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I'm required to make a Taylor series expansion of a function $f(x) = \arctan(x)$ at $x = +\infty$. In order to do this I introduce new variable $z = \frac{1}{x}$, so that $x \to +\infty$ is the same as $z \to +0$. Thus I can expand $f(z)$ at $z = 0$: $$f(z) = z - \frac{z^3}{3}+\frac{z^5}{5}-...$$ Then I try to reverse the substitution but this is either incomplete or incorrect: $$f\bigg(\frac{1}{x}\bigg) = \frac{1}{x} - \frac{1}{3x^3} + \frac{1}{5x^5} - ...$$

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We could use the Taylor expansion of $\arctan(x)$ when $x \rightarrow 0$ and that $$ \forall x \in \mathbb{R}^*_+, \arctan(x) + \arctan\bigg(\frac{1}{x}\bigg) = \frac{\pi}{2} $$ and find the correct result. But as @janosch points out, it's faster to use $$ \arctan'\bigg(\frac{1}{x}\bigg)= -\frac{1}{x^2 +1} $$ and fix the integrating constant to $\lim_{x \rightarrow 0} \arctan(1/x) = \frac{\pi}{2}$ and finally get $$ \arctan(x) =_{x \rightarrow + \infty} \frac{\pi}{2} - \frac{1}{x} + \frac{1}{3x^3} - \frac{1}{5x^5} + o\bigg(\frac{1}{x^5}\bigg) $$

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  • $\begingroup$ Thanks, your explanation make sense! But could you kindly comment where this property comes from: arctan(x) + arctan(1/x) - pi/2 ?? $\endgroup$ – Stunt-man-mike Jul 14 at 10:54
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    $\begingroup$ You don't need to use that. You could start by calculating $\arctan'(1/x) = -1/(1+x^2)$ (by chain rule), then integrate, and fix the resulting integration constant by considering the limit $\lim_{x \rightarrow 0} \arctan(1/x) = \frac{\pi}{2}$. $\endgroup$ – janosch Jul 14 at 11:11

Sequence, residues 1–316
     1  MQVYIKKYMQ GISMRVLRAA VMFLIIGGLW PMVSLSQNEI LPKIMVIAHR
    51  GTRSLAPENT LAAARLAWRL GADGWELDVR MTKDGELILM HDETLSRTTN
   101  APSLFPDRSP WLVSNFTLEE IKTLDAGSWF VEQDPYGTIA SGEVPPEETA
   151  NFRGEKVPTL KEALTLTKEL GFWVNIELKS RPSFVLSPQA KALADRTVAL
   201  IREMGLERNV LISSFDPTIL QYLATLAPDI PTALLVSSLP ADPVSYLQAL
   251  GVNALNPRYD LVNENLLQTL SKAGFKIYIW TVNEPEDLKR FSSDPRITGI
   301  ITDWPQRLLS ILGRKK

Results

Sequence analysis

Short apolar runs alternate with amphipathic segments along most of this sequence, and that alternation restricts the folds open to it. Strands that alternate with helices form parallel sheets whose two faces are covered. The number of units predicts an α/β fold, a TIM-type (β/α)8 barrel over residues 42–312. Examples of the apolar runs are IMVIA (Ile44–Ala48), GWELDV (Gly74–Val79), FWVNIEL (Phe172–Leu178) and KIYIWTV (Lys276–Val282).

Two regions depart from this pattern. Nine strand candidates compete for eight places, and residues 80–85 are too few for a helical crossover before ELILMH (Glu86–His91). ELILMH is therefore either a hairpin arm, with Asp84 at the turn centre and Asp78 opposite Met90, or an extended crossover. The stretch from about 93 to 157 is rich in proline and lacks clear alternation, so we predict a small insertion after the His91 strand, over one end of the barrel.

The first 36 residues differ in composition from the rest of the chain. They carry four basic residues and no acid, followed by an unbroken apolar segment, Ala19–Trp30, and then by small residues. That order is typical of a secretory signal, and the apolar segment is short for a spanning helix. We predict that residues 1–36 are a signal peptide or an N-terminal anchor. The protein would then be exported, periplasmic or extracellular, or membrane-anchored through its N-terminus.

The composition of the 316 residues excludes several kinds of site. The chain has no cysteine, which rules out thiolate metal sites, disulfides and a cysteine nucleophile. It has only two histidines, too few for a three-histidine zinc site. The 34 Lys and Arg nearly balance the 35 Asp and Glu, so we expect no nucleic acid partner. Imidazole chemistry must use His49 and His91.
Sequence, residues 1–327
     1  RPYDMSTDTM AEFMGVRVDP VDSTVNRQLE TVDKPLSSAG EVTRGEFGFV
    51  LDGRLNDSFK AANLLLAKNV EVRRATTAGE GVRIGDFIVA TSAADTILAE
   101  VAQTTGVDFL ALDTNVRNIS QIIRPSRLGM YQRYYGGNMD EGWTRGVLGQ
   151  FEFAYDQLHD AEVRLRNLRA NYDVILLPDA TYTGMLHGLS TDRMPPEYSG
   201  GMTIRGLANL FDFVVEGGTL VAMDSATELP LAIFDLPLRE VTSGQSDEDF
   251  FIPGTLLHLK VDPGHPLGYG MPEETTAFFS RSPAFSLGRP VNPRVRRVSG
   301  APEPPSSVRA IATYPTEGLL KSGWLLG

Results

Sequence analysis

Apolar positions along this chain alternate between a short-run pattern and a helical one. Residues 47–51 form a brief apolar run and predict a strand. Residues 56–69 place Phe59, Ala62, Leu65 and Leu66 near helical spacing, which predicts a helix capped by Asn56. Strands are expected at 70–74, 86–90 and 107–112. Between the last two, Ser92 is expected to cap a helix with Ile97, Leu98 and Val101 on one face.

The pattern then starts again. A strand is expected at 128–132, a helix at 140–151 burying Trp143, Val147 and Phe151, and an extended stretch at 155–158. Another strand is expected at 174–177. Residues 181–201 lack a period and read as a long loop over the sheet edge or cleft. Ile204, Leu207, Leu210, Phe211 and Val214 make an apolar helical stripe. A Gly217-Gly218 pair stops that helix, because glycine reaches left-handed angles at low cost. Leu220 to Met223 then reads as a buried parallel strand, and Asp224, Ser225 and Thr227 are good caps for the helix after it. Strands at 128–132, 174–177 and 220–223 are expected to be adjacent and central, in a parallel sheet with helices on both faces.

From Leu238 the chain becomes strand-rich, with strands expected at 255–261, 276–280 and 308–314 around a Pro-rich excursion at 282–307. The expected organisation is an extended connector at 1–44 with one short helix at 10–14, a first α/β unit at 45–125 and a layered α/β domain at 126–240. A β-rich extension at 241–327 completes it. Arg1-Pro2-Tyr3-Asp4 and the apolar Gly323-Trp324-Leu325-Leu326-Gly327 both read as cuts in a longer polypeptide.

• $\begingroup$ @Stunt-man-mike Let $f(x) = \arctan(x) + \arctan(\frac{1}{x}) - \frac{\pi}{2}, \forall x \in \mathbb{R}^*_+$. By differentiating, you find $f'(x) = 0, \forall x \in \mathbb{R}^*_+$. So $\forall x \in \mathbb{R}^*_+, f(x) = f(1)$. $\endgroup$ – Monadologie Jul 14 at 11:14
  • $\begingroup$ @janosch You're right. $\endgroup$ – Monadologie Jul 14 at 11:18
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Your expansion is not correct. You should find $$f(z) = \frac{\pi}{2} - \frac{1}{x} + \frac{1}{3x^2} - \frac{1}{5 x^5} + \mathcal{O}\left(\left(\frac{1}{x}\right)^7\right),$$ which is a perfectly good expansion in the small parameter $\frac{1}{x}$ for $x \rightarrow \infty$. See also Taylor expansion at infinity.

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  • $\begingroup$ Your expansion is wrong, it's $f(x) = \frac{\pi}{2} - \frac{1}{x} + \frac{1}{3x^3} -\frac{1}{5x^5} + \mathcal{O}\left(\left(\frac{1}{x}\right)^7\right)$ $\endgroup$ – Monadologie Jul 14 at 10:56
  • $\begingroup$ @Monadologie you're right of course, my bad. I fixed it. $\endgroup$ – janosch Jul 14 at 10:57

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